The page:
Rape Victim Anonymity : Mainstream Media Violated Recent SC Directions
Recently, on December 11, the Supreme Court issued a slew of directions to protect the identity of victims of rape.
In Nipun Saxena vs Union of India, the SC bench of Justice M B Lokur and Deepak Gupta ordered, among other things, that "In cases where the victim is dead or of unsound mind the name of the victim or her identity should not be disclosed even under the authorization of the next of the kin, unless circumstances justifying the disclosure of her identity exist, which shall be decided by the competent authority, which at present is the Sessions Judge".
The Court observed that "the dead too are entitled to their dignity".
Barely ten days passed after this judgment, before the media violated the apex court directions, exhibiting a casual, negligent and insensitive mindset in reporting rape cases.
On December 20, the Bombay HC passed a judgment, upholding death penalty awarded to a man who raped and killed a twenty three year old woman in 2014.
While reporting the judgment in this horrific case, most main stream media published the name and photograph of the victim. The Times of India revealed the name of the victim in the headline itself. It also carried the image of the victim, which was captured in a CCTV few hours before the crime, in the report. The Mumbai Mirror too revealed the name of the victim in the headline and published her image. Same thing was repeated by The New Indian Express in its report. The Hindustan Times, The Hindu and First Post too committed similar violation. In the non-English media, Lok Satta and the Maharashtra Times were also found committing similar violation.
Section 228A of the Indian Penal Code prohibits disclosure of identity of rape victim. In cases where the victim is dead or minor or of unsound mind, the publication of identity can be done only by a "recognized welfare institution or organization", that too on authorization in writing given by the next of kin of the victim. The media is not authorized to publish the identity even in such cases, irrespective of authorization by next of kin. This was made clear by the Supreme Court in Nipun Saxena case.
Once bitten; twice not shy
The media cannot plead ignorance of this legal prohibition against posthumous publication of identity. Last April, the Delhi HC had pulled up several main stream media houses for publishing the identity of minor victim in Kathua case. The media houses apologized and undertook to pay a penalty of Rs.10 lakhs each towards victim compensation fund, as directed by the Court. But lessons not learned, it seems!
Violation by Courts
The constitutional courts have also shown negligence is maintaining victim anonymity in judgments. It is true that there is no explicit statutory bar in publishing identity in judgement.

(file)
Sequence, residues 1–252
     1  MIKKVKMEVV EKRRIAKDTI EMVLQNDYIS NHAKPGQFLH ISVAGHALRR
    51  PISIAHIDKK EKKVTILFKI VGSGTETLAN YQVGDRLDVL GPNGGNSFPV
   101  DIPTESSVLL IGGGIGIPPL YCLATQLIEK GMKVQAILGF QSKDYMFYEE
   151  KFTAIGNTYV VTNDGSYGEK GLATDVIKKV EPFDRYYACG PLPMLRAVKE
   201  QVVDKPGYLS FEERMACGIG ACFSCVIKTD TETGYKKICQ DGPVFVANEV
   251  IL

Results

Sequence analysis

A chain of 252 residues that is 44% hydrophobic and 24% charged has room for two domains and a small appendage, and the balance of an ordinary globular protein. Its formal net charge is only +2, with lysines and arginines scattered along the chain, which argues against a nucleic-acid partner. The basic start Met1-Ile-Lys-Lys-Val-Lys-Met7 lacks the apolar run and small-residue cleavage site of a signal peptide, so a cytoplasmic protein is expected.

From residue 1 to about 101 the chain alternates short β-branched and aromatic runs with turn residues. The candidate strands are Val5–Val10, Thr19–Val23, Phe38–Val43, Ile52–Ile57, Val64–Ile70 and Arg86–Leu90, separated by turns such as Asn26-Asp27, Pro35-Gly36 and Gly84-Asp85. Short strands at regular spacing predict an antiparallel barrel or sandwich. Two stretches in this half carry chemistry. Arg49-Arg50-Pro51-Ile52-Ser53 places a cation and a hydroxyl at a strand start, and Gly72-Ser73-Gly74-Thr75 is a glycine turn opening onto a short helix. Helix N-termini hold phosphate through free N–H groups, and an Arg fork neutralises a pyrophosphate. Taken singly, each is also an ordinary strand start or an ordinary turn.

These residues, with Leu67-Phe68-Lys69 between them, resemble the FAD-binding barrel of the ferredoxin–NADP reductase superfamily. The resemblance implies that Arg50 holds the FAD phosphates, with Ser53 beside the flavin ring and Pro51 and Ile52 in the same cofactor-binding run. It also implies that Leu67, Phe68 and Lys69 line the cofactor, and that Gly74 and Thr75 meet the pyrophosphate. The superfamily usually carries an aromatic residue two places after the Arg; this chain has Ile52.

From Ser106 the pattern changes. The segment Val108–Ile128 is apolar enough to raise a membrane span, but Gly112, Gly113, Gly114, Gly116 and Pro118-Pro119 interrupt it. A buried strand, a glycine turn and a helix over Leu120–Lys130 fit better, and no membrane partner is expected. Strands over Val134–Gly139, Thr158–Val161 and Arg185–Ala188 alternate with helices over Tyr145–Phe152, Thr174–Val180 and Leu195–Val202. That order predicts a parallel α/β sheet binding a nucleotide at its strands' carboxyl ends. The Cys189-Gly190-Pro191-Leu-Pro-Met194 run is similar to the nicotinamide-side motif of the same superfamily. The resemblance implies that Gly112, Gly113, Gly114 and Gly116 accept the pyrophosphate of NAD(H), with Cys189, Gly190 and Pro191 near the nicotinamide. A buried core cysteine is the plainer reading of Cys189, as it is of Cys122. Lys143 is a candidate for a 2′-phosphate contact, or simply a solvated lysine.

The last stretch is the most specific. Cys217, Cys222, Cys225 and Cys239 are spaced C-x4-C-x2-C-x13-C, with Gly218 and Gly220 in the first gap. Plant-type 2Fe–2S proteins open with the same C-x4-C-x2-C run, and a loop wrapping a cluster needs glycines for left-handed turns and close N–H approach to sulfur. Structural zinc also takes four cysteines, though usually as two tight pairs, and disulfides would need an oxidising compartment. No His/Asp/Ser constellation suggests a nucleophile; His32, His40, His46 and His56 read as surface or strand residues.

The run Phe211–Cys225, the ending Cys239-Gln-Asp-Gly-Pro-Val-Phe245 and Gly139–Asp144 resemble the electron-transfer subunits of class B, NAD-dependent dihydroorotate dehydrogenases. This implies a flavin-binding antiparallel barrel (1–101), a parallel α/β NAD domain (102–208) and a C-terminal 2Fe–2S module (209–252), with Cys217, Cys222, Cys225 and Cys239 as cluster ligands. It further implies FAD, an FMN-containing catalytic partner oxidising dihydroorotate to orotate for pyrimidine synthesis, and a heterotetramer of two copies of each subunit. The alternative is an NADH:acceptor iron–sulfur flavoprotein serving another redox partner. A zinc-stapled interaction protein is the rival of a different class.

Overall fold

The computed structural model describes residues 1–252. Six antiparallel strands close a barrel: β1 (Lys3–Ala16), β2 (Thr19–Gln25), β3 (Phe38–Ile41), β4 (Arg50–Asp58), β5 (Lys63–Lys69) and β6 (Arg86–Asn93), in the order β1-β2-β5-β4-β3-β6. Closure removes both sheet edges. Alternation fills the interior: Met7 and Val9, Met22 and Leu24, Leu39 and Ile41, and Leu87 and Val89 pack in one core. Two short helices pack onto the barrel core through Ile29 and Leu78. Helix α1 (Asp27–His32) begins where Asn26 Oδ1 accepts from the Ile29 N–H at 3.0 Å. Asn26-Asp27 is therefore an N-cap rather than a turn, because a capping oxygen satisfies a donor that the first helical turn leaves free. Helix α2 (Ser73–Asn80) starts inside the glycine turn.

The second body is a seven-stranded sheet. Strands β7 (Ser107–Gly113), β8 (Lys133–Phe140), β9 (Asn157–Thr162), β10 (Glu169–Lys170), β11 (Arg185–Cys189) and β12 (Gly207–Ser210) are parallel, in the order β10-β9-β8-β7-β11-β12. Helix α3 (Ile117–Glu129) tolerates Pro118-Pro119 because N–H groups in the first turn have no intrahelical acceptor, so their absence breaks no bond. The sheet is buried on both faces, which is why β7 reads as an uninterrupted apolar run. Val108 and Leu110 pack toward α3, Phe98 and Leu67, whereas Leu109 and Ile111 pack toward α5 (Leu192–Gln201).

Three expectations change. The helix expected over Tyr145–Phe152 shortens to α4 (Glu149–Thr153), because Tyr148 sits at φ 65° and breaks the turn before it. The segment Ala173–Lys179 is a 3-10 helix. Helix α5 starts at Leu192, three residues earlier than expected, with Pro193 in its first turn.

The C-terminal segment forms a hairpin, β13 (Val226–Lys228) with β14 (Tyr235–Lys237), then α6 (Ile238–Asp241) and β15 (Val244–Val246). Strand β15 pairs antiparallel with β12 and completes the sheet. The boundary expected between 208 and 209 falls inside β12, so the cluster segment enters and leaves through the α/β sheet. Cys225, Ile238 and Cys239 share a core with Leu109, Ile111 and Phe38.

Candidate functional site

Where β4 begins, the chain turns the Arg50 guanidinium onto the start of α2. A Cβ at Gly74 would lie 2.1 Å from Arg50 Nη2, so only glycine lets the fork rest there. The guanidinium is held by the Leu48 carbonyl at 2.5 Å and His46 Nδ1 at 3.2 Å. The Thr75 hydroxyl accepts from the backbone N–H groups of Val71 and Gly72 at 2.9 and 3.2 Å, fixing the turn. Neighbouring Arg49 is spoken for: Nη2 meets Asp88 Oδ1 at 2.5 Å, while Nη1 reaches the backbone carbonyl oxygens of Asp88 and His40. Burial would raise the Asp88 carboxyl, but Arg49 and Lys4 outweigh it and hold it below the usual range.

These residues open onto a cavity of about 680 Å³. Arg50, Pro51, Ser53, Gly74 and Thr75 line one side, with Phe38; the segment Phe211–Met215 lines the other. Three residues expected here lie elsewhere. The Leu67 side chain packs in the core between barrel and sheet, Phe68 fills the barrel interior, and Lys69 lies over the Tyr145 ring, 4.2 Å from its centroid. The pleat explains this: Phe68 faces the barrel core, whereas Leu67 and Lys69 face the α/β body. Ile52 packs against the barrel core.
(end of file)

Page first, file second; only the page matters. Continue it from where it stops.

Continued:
But the SC in a 2003 judgment observed that it would be appropriate for Courts to refrain from publishing identity of rape victims in judgments, having regard to the spirit of Section 228A IPC
"But keeping in view the social object of preventing social victimisation or ostracism of the victim of a sexual offence for which Section 228-A has been enacted, it would be appropriate that in the judgments, be it of this Court, High Court or lower Court, the name of the victim should not be indicated we have chosen to describe her as ‘victim’ in the judgment”, observed the judgment by SC bench of Justices Doraiswamy Raju and Arijit Pasayat.
Ironically, the Courts, including the Supreme Court, have neglected these observations in several instances. Live Law had earlier pointed out the instances where higher courts have disclosed victim identity.
Even the judgment of the Bombay High Court last week discloses the identity of the victim, including her birth place, profession and age, and mentions her name as many as 44 times in various places in judgment.
There are instances of Court hiding the names of persons in high profile sensational cases. Last week, the Delhi High Court suppressed the names of parties in a case involving two famous politicians. It is regrettable that similar diligence is not shown in rape cases.
It is suggested that in judgments of rape cases, the Court give directions to media to resist from revealing identity, reminding of the statutory prohibition.
Should there be victim anonymity?
There is a counter-argument that the insistence on victim anonymity perpetuates the notion of shame or blame attached to rape victim. Many comment that the stigma of rape victim is a social construct, having its roots in patriarchal concepts of 'honour' and 'chastity', which associate a woman's dignity with sexuality.
Writer-poet Kamal Das had proclaimed in a short-story decades ago that the 'impurity' of rape will be washed off after a 'dettol bath'. Rape should be viewed as a crime against body, the impact of which does not extend to defiling the personhood of the victim - this is the counter-perspective.
The argument is aspirational and it is hard to miss the merit in it. However, one cannot also miss the existing social realities, which inflict shame and humiliation on a rape victim. It is taking note of this reality of community sensibilities that the law has constrained to preserve victim anonymity. Law operates in the 'here and now', within the status quo. It is not always transformative. So long as the letter of law proscribes disclosure of identity, it should be followed strictly, without exceptions.
The rights of the media cannot abridge the protection given by law to a rape victim.